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NEWS
March 28, 2012
Regarding the recent debate on birth control pills and their morality, if a Roman Catholic woman can afford to buy the pills and then uses them, is she a sinner? No one seems to address this conundrum. Given their ability to purchase the pill, how do Christian women who use birth control against the rules of their religion rationalize that decision? One way is a perpetual confession of one's sins, which suggests hypocrisy. Another is to stand up and challenge one's religion.
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ENTERTAINMENT
By Jaclyn Peiser and The Baltimore Sun | March 19, 2014
Wedding etiquette doesn't just involve knowing which fork to use when eating your starter salad -- it's way more than that. It could involve thank-you notes, destination weddings and deciding who pays that hefty reception bill. We asked Lizzie Post of the Emily Post Institute (emilypost.com) and co-author, with her sister Anna, of "Emily Post Wedding Etiquette, 6th Edition," about how to approach those awkward situations that may arise when planning your wedding. If it's a destination wedding, is the couple responsible to pay for at least part of the expenses of guests?
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NEWS
November 29, 2012
U.N. Ambassador Susan Rice has become a willing pawn in Senate Republicans' efforts to force President Barack Obama into a costly and unnecessary fight over who will serve as his secretary of state when Hillary Clinton leaves that post in the new year. Once a trio of Republicans announced they would block Ms. Rice's confirmation for a job to which she had not been appointed, her aggressive efforts to smooth matters over have only given her opponents more opportunity to put the president in a box. Secretary of state is a position for which presidents do not typically have to use political capital, but now, at a time when Mr. Obama needs every bit of power he gained through re-election, he is being forced to expend it to defend someone he may or may not have intended to nominate in the first place.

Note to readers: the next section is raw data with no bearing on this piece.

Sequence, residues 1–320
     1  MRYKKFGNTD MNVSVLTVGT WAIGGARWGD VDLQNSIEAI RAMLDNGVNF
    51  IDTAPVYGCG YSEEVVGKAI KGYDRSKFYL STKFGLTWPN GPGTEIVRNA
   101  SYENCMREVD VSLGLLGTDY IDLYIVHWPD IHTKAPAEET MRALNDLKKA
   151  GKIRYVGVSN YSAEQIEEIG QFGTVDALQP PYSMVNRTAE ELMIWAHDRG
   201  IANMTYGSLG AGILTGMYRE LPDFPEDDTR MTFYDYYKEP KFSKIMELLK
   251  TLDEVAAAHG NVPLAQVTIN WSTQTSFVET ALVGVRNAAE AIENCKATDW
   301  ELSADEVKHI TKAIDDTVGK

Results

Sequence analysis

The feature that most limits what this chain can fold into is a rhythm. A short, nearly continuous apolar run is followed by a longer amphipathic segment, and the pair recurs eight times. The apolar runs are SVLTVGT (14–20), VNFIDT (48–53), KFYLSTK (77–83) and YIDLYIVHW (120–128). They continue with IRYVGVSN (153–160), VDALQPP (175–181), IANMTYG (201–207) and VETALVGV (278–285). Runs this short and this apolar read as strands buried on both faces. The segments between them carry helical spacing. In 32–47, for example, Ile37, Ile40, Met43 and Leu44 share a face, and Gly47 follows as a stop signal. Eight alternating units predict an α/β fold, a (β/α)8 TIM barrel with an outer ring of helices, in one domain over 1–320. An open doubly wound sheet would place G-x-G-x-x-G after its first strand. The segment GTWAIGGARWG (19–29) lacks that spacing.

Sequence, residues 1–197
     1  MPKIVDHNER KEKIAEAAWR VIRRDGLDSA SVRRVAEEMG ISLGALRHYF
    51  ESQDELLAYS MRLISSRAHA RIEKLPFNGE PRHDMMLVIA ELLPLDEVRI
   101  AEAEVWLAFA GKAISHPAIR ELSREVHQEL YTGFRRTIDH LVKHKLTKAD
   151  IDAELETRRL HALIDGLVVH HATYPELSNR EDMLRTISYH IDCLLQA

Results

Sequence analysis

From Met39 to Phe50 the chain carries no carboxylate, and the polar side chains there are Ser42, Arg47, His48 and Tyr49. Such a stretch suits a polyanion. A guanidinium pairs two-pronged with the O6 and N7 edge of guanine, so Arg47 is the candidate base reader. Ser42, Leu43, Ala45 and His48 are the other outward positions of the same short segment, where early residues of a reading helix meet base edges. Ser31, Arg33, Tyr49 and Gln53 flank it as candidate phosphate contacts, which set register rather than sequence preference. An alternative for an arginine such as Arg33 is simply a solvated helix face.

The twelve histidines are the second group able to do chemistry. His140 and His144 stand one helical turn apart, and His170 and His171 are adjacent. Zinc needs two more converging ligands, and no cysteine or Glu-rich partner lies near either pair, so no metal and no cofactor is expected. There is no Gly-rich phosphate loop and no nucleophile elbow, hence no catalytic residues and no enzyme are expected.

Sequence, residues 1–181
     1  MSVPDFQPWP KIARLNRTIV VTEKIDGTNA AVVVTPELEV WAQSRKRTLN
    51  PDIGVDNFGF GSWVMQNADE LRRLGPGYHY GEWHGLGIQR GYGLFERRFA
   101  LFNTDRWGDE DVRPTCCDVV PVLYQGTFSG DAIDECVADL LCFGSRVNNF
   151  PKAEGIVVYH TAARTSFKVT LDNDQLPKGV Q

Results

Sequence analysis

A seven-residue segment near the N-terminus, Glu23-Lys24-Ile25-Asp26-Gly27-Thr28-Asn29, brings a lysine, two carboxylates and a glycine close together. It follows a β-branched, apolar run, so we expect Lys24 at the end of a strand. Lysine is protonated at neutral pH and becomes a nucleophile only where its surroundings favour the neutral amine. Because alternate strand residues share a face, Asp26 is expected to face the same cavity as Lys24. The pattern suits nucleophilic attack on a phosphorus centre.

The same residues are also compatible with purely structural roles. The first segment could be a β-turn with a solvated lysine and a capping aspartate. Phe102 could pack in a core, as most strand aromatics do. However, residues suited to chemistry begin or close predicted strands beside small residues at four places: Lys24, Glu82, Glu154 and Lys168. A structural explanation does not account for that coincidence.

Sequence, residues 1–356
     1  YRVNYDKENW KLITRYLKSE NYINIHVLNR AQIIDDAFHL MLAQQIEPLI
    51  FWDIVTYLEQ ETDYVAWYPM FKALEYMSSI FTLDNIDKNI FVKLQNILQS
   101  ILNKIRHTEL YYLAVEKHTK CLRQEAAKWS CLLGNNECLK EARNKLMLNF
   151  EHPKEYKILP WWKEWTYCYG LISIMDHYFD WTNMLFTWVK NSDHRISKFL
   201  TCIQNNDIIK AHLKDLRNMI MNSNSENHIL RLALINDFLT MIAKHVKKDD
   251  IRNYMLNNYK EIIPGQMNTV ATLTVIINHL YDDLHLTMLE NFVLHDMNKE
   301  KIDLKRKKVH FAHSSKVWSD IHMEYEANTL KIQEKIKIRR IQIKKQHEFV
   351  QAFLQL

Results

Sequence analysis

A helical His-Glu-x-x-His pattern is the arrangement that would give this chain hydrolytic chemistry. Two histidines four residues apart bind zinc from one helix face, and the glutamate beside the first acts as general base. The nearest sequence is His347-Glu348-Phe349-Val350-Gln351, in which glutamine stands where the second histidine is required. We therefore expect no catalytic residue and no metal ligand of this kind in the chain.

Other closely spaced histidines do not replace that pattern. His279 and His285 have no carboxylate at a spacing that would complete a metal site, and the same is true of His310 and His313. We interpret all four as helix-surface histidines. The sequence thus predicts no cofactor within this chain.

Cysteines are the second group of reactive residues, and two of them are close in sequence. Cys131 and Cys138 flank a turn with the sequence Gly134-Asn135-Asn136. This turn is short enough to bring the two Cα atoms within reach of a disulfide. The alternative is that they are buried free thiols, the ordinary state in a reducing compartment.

SPORTS
By Edward Lee, The Baltimore Sun | November 13, 2013
With last Saturday's 45-30 victory over Franklin & Marshall, the No. 8 Johns Hopkins football team captured its third straight Centennial Conference title and the program's ninth championship. So does that make Saturday's regular-season finale at McDaniel meaningless? Not to coach Jim Margraff. “You look at each game to win,” he said Wednesday morning. “I know exactly what you're asking. ... I've talked to our guys already. They're excited and they want to get rolling.” The Blue Jays (9-0 overall and 8-0 in the conference)
NEWS
By Peter A. Jay | September 28, 1997
HAVRE DE GRACE -- It was still early, the end-of-summer sun just beginning to glisten on the dew, when Matt showed up at the barn in his camouflage clothing. ''I could use a little help,'' he said.It was the first morning of the new bow-and-arrow deer season, and Matt had been out in the woods long before sunrise, up in the same tree his father has favored for many years. It's a good location, and at first light he'd had a shot. He'd hit his deer squarely. In fact, the arrow passed right through it. But then the deer had bounded away.
NEWS
By Cynthia Tucker | September 12, 2005
ATLANTA - A week after Hurricane Katrina roiled the waters of the Mississippi and Lake Pontchartrain and flooded southeastern Louisiana, conservative commentator George Will compared the crisis with the urban riots of the 1960s. On ABC's This Week, Mr. Will voiced skepticism about the prospects for economic recovery in the region. "I hope New Orleans recovers," he said. "Newark hasn't from the '67 riots. Detroit hasn't from the '67 riots." At the time, it seemed an odd moment in an otherwise mundane discussion of the politics of natural disaster, since Katrina's devastation was fueled by nature, not social unrest.
FEATURES
By Stephen Hunter and Stephen Hunter,Film Critic | February 28, 1993
Few movies have ignited the public imagination like Neil Jordan's "The Crying Game." Even today, a full three months after its release and more than a week after the Academy of Motion Pictures effectively outed its co-star with a nomination for a role in a gender different from the one in which he begins the movie, a movie critic gets calls."
SPORTS
By Ray Frager | December 21, 2008
Titans@Steelers 1 p.m. [chs. 13, 9] This game presents quite a conundrum - for the officials. Both teams have benefited from rather, uh, curious calls this season in games against the Ravens. The Steelers got that mystery-plane replay reversal last week, and the Titans were awarded a fortuitous roughing-the-passer penalty on a play where Kerry Collins felt less pressure than you'll get at Christmas dinner from Mom about giving her grandkids. So, with no Ravens in the game, which team gets today's bogus call?
NEWS
By DAN BERGER | January 28, 1992
Q. How is safe sex like free lunch? A. It is what there is no such thing as.Bush is wiping out affirmative action. No tinpot Klansman is going to steal his thunder again.We are going to sell corn to Soviet republics and if they pay for it on time we are going to sell them even more. Some people call that foreign aid, but it is unclear which side is being aided.American Jews cherish Yitzhak Shamir's country, not his policies. There's a difference.Chesapeake conundrum: Oil or the last oyster, choose one.